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26 July 2001

Our current howler (part III): Dead man talking

Synopsis: Jim Lehrer is also a missing person. Therein lies this story’s key tale.

Commentary by Carl Gottlieb
The NewsHour, PBS, 7/11/01

Away From the Pack
Alex S. Jones, The New York Times, 7/25/01

Why Dan Rather and CBS Limited Coverage of Levy Case
Jim Rutenberg, The New York Times, 7/23/01

Rather Restrained
Editorial, The Christian Science Monitor, 7/26/01

Against Chandra-Vision; Was it so wrong to declare one Condit-free zone?
James Poniewozik, Time, 7/30/01

Pornography Parading as News
Richard Cohen, The Washington Times, 7/26/01

At THE HOWLER, we see dead people. Each night, for example, we see "Jim Lehrer," seeming to conduct a TV news show. The program is an hour in length, with only a handful of commercial breaks. This program has a name–the NewsHour–and appears at the same time each night.

On our TV, "Jim Lehrer" seems to be a major figure–and he hasn’t covered the exciting story concerning Chandra Levy and Gary Condit. Check the transcript of last Friday’s program, for example (transcripts of Lehrer’s non-existent show are provided by Lexis-Nexis). The Condit matter wasn’t mentioned in the opening "News summary" segment. Lehrer never mentioned the matter in his weekly "Political wrap." And there was nothing new about that; again according to Lexis-Nexis, Lehrer has never mentioned the Condit story in his Friday "wrap" with Shields and Gigot. In fact, the Condit story has been mentioned just once on the NewsHour–on the July 11 show, when the program did a segment called "What’s news?" trying to evaluate the coverage of this story. That segment ended with this appraisal by Carl Gottlieb, of the Project for Excellence in Journalism:

GOTTLIEB: My biggest complaint about this is the saturation coverage, the coverage we see on TV where we’re actually watching the process. And sometimes the process doesn’t produce any more news than one person shouting at another. Again, I have to say, and I spent most of my life looking at ratings in television newsrooms, that viewer erosion, because of mistrust, doesn’t happen overnight, it happens over time. And if you look at the household using television for news, over the years, they’ve come down dramatically. And every time we have one of these stories that we drag on forever, present something as news that isn’t really news, that really turns out to be a better yarn than it is informative, I think we alienate our viewers a little more.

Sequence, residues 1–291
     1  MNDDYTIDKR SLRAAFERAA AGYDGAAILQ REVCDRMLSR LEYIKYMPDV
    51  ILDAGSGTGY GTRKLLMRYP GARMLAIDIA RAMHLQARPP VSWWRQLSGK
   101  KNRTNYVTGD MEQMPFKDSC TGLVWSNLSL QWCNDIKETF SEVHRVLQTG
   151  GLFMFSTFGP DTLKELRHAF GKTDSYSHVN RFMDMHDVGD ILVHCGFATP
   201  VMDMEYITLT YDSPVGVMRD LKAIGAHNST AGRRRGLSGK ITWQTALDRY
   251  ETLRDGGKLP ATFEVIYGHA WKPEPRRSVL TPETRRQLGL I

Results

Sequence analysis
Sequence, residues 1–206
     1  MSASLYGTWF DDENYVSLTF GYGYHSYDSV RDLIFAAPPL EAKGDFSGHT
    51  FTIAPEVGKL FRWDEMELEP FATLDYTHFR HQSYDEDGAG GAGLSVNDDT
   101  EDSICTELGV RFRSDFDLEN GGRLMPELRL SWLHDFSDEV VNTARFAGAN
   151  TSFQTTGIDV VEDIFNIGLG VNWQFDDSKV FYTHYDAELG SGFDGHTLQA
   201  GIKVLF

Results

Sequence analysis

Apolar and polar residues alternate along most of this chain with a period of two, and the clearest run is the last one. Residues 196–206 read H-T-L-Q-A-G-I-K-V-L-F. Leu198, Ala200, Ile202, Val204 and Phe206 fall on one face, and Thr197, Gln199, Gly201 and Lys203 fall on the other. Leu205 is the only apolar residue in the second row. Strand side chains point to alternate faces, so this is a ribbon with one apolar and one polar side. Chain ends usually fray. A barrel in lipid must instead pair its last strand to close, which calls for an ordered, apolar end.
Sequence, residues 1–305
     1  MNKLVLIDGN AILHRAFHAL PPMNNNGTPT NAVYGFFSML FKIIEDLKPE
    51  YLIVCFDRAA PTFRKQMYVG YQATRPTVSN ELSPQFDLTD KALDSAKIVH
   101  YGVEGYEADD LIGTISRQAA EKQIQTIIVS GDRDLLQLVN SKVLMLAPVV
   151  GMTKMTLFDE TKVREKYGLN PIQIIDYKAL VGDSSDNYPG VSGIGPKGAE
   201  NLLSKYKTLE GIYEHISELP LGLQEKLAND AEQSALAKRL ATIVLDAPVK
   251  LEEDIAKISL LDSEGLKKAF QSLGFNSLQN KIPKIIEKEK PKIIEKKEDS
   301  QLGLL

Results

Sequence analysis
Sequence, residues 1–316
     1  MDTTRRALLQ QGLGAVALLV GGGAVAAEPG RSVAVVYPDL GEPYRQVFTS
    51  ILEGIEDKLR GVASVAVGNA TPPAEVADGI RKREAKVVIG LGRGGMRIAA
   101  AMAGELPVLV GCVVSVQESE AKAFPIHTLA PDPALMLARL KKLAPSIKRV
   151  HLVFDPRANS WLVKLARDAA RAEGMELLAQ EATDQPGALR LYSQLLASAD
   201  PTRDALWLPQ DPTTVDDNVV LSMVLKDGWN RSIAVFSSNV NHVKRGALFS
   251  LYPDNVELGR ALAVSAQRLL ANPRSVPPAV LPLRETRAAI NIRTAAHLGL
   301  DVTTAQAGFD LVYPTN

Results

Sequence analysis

Clearly, Gottlieb was unimpressed with the way this story has been covered. The NewsHour’s panel included three working journalists who didn’t share Gottlieb’s view. But July 11 was the only time the Condit story has even been mentioned on the NewsHour. To all appearances, this fellow, "Jim Lehrer," does not think this story is news.

And that’s how we know we see dead people. Clearly, this fellow "Jim Lehrer" can be seen by no one on but us (and by Lexis-Nexis). All through the media, journalists keep saying that only Dan Rather has ignored this thrilling tale. They see Rather quite clearly; but they can’t see Jim Lehrer. And their complete inability to observe Lehrer’s conduct may be the biggest news in this whole sorry mess.

Who are they?

For the record, who are these scribes? The most recent offender, Alex S. Jones, wrote an op-ed in yesterday’s New York Times:

JONES: For 11 weeks television news, including "The Early Show" on CBS, has followed [Condit-Chandra] events obsessively, and the cable talk shows are feasting on thinly veiled speculation. Only Dan Rather, the anchor of "The CBS Evening News," has all but ignored the story, contending that the coverage by others has been excessive and unfair. Regardless of whether you agree with Mr. Rather, such independence should be applauded. At the very least, his program is taking the risk of standing alone.

If Jim Lehrer really exists, and if he really does "television news," the highlighted statements are baldly inaccurate. But why should Jones get the story right? On Monday, Jim Rutenberg wrote a 1300-word news report for the Times, and he didn’t mention Lehrer either:

RUTENBERG (pgh 3): For 11 weeks, in a rare if not unique case of a news program marching to the beat of its own drummer on a rolling, long-running case, "The Evening News" had steadfastly refused to report the Levy case. Mr. Rather’s decision provided an intriguing subplot. It also isolated his program from the rest of his news division, frustrated some CBS producers and, by week’s end, left nerves frayed at Black Rock, CBS’s headquarters.

Rutenberg makes no statements that are flat-out wrong. But you’d never know from reading his piece that another major news program was "marching to the beat of its own drummer" on this story. Indeed, Rutenberg seems to go out of his way to avoid even mentioning Lehrer. In these passage, for example, he discusses what the other commercial networks have done, and he describes what the cable nets have been doing. But to all appearances, Rutenberg doesn’t know that a guy named "Jim Lehrer" exists: